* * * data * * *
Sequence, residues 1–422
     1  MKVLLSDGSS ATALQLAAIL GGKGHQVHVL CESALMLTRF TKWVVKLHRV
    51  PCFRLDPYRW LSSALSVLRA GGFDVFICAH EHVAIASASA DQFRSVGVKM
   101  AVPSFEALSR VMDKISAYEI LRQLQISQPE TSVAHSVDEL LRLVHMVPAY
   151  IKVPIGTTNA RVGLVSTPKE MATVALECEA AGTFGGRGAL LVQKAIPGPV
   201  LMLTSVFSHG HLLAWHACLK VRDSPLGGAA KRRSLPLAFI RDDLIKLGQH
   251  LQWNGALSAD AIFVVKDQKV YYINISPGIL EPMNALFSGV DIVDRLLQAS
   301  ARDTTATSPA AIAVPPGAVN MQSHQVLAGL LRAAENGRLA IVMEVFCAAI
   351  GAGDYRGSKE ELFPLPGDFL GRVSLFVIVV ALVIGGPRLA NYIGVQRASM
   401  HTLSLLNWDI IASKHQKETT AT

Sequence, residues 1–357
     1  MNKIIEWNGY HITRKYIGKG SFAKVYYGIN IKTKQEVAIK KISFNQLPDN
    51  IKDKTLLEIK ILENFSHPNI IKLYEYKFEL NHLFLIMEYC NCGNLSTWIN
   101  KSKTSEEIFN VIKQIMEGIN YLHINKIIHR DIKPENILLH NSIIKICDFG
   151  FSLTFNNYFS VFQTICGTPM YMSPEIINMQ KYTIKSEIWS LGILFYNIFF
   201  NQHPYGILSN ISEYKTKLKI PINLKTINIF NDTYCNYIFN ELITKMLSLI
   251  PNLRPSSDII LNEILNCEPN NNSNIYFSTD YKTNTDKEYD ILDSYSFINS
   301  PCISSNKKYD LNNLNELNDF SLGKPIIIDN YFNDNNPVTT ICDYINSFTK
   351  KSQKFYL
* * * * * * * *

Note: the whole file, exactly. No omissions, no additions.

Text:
Sequence, residues 1–422
     1  MKVLLSDGSS ATALQLAAIL GGKGHQVHVL CESALMLTRF TKWVVKLHRV
    51  PCFRLDPYRW LSSALSVLRA GGFDVFICAH EHVAIASASA DQFRSVGVKM
   101  AVPSFEALSR VMDKISAYEI LRQLQISQPE TSVAHSVDEL LRLVHMVPAY
   151  IKVPIGTTNA RVGLVSTPKE MATVALECEA AGTFGGRGAL LVQKAIPGPV
   201  LMLTSVFSHG HLLAWHACLK VRDSPLGGAA KRRSLPLAFI RDDLIKLGQH
   251  LQWNGALSAD AIFVVKDQKV YYINISPGIL EPMNALFSGV DIVDRLLQAS
   301  ARDTTATSPA AIAVPPGAVN MQSHQVLAGL LRAAENGRLA IVMEVFCAAI
   351  GAGDYRGSKE ELFPLPGDFL GRVSLFVIVV ALVIGGPRLA NYIGVQRASM
   401  HTLSLLNWDI IASKHQKETT AT

Sequence, residues 1–357
     1  MNKIIEWNGY HITRKYIGKG SFAKVYYGIN IKTKQEVAIK KISFNQLPDN
    51  IKDKTLLEIK ILENFSHPNI IKLYEYKFEL NHLFLIMEYC NCGNLSTWIN
   101  KSKTSEEIFN VIKQIMEGIN YLHINKIIHR DIKPENILLH NSIIKICDFG
   151  FSLTFNNYFS VFQTICGTPM YMSPEIINMQ KYTIKSEIWS LGILFYNIFF
   201  NQHPYGILSN ISEYKTKLKI PINLKTINIF NDTYCNYIFN ELITKMLSLI
   251  PNLRPSSDII LNEILNCEPN NNSNIYFSTD YKTNTDKEYD ILDSYSFINS
   301  PCISSNKKYD LNNLNELNDF SLGKPIIIDN YFNDNNPVTT ICDYINSFTK
   351  KSQKFYL